As Becky tried on outfit after outfit, something magical happened–she started to like what she saw. She put on shirts and smiled, I dare say even pranced in front of the mirror. There were several times the three of us actually broke out in dance moves in the dressing room. It was like one of those 1980’s movies where a girl with glasses takes off the glasses and suddenly is a totally different, hotter version of her former self and everybody likes her and she likes her and a Cyndi Lauper song starts to play. (Note: Becky does not wear glasses and she started and ended this process smokin’ hot. She is also universally loved by all, all the time. No Cyndi Lauper required.)
As she figured out what actually looked good on her–black leggings, boots, and blousy tops in jewel tones, to be specific–her confidence grew. I don’t think I’ve ever seen her that happy about an outfit. (And I’ve seen her in a lot of outfits, including a silver unitard she wore for a colorguard competition in high school. But–and again, God’s Honest Truth–she still has the unitard. That was part of the 20%. For real. You don’t meet girls like this every day.)
Becky bought a bonafide completely new wardrobe in 90 minutes. Done and done. We, of course, celebrated our accomplishment with drinks at a local establishment, where we discussed in hilarious detail things I only discuss with good friends over drinks. (Buy me a drink, friend, and you may be the lucky recipient of such tales…) We laughed ourselves silly and closed the place down.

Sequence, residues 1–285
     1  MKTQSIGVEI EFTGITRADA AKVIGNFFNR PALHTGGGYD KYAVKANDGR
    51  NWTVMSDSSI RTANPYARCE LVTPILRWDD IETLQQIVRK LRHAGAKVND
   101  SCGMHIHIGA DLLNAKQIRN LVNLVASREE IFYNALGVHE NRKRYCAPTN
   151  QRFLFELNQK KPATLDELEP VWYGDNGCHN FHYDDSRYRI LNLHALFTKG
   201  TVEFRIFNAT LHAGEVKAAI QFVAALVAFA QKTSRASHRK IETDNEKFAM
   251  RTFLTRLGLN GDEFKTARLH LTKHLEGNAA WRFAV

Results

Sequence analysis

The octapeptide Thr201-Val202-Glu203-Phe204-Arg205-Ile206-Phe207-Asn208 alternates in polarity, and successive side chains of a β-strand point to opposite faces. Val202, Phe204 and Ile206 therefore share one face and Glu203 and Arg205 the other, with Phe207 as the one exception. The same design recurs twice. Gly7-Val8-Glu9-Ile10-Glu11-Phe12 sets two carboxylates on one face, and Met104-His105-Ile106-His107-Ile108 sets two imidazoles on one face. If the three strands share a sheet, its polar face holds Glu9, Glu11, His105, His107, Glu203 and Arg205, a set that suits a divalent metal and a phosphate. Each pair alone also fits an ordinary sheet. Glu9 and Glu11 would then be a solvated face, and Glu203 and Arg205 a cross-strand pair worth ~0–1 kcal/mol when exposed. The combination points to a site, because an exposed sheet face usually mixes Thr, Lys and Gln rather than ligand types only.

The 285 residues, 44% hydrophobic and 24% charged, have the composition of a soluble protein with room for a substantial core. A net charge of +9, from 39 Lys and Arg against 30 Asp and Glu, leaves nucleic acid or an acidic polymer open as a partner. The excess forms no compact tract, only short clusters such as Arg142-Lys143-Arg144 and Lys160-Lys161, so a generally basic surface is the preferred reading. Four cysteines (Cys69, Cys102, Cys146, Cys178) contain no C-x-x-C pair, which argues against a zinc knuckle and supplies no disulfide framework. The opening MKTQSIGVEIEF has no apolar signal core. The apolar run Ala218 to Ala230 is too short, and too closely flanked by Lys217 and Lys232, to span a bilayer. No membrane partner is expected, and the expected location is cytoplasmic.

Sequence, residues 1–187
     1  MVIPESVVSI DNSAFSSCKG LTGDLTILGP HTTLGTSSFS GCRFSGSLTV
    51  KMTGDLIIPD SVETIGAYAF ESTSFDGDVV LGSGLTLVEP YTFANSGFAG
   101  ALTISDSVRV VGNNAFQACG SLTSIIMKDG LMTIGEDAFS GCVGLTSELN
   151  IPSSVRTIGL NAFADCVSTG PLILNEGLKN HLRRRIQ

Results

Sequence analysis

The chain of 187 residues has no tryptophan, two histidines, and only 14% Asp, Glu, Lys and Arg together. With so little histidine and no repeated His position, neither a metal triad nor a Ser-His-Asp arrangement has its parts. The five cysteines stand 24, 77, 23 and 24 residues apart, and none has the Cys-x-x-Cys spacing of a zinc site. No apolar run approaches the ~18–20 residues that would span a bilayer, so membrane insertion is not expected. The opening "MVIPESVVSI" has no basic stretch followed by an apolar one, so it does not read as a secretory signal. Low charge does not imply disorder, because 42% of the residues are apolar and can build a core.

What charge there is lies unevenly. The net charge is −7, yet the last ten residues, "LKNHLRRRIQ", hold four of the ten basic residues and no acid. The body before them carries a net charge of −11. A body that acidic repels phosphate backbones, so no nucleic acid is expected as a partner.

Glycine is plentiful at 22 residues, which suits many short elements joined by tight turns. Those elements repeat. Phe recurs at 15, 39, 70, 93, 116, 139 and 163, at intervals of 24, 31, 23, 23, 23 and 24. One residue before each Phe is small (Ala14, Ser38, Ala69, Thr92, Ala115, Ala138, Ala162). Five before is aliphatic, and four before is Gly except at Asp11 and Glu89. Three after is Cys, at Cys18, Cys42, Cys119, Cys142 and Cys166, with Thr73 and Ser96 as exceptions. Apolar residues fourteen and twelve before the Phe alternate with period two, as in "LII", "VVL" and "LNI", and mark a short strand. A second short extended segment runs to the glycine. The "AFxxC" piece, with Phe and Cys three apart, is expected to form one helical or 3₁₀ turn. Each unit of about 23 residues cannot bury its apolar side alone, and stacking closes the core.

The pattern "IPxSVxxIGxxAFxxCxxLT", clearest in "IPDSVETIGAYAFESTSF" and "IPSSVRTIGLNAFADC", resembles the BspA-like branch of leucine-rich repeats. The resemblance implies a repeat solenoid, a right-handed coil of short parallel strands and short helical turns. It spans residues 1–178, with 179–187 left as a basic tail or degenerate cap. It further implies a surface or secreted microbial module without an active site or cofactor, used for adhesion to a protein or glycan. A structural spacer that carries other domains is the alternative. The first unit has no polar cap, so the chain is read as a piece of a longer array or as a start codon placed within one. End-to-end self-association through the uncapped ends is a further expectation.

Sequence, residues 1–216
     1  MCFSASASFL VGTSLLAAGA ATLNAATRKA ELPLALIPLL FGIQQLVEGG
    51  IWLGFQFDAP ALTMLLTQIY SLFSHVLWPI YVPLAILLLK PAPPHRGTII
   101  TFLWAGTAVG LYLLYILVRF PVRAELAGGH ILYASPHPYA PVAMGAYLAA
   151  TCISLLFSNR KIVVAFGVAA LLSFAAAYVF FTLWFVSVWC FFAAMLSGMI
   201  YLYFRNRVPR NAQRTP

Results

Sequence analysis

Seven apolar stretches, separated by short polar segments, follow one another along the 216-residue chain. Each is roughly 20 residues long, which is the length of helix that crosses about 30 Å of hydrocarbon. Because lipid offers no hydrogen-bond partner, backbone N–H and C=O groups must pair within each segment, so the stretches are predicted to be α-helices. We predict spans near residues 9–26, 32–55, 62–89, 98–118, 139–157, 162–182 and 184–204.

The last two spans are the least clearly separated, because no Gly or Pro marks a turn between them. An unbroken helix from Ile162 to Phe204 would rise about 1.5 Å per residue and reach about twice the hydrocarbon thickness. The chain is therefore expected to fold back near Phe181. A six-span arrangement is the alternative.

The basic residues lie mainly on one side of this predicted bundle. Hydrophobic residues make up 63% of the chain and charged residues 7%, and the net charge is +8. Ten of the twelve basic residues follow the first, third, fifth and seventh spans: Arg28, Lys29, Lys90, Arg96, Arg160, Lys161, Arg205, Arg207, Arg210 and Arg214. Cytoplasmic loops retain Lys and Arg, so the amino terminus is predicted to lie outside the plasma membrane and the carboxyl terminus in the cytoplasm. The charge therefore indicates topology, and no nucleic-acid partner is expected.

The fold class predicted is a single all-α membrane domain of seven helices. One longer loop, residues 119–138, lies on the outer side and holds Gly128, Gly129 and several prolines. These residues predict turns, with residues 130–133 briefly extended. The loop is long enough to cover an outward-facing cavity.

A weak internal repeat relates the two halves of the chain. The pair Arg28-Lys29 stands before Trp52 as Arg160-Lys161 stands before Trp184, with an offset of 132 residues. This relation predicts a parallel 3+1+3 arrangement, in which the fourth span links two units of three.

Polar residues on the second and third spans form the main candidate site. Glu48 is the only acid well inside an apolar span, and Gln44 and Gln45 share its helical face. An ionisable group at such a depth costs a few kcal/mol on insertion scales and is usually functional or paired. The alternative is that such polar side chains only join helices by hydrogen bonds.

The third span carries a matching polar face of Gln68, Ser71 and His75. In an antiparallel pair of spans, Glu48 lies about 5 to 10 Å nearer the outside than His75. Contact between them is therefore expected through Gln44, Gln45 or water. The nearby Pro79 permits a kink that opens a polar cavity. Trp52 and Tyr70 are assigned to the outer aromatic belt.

So what is the moral of the story? Since I’m a former English teacher, I believe there are several and I will forthwith expound upon them:
- Whittle That Wardrobe – Whether your body has spent the past few years growing and feeding children or not, you probably have more clothes than you need. Try them all on if you must, but keep it honest and pare your wardrobe down to clothes you truly love. It’s a cliche, but it bears repeating: less is more. A closet full of stuff does not a fashionista make. In fact, the most stylish folks often have the smallest wardrobes because they actually know what looks good on them and wear just that.
- Enlist Friends – I think clothes-sorting, in particular, benefits from the advice and support of a few good friends. It’s no fun laughing about getting your arms stuck in too-small dress all by yourself.
- Discover Your Style – Even if you think you don’t have one, you do. Again, the friends help here. When you know the general type of clothes that fit your body–Blousy Bohemian? Cool Classic? Retro Romantic?–shopping is actually fun and you can look around your closet with joy. (Note: I don’t really know if those are all actual clothing styles… but the alliteration felt right and I think I read something like that in a Seventeen magazine once, so I went with it. Real fashion people, feel free to correct.)
- Know You’re Worth It – I really think a lot of us just wear clothes because it’s illegal not to (except in rare communities to which we probably don’t want to belong). You really do deserve to look good every day. And you’ll feel better about yourself if you do.
So if you, like Becky, would describe your style as “wearing clothes,” it’s time to get yourself a pal, weed through that closet, and find yourself some style. And hey, drinks on me if I’m invited to join the fun!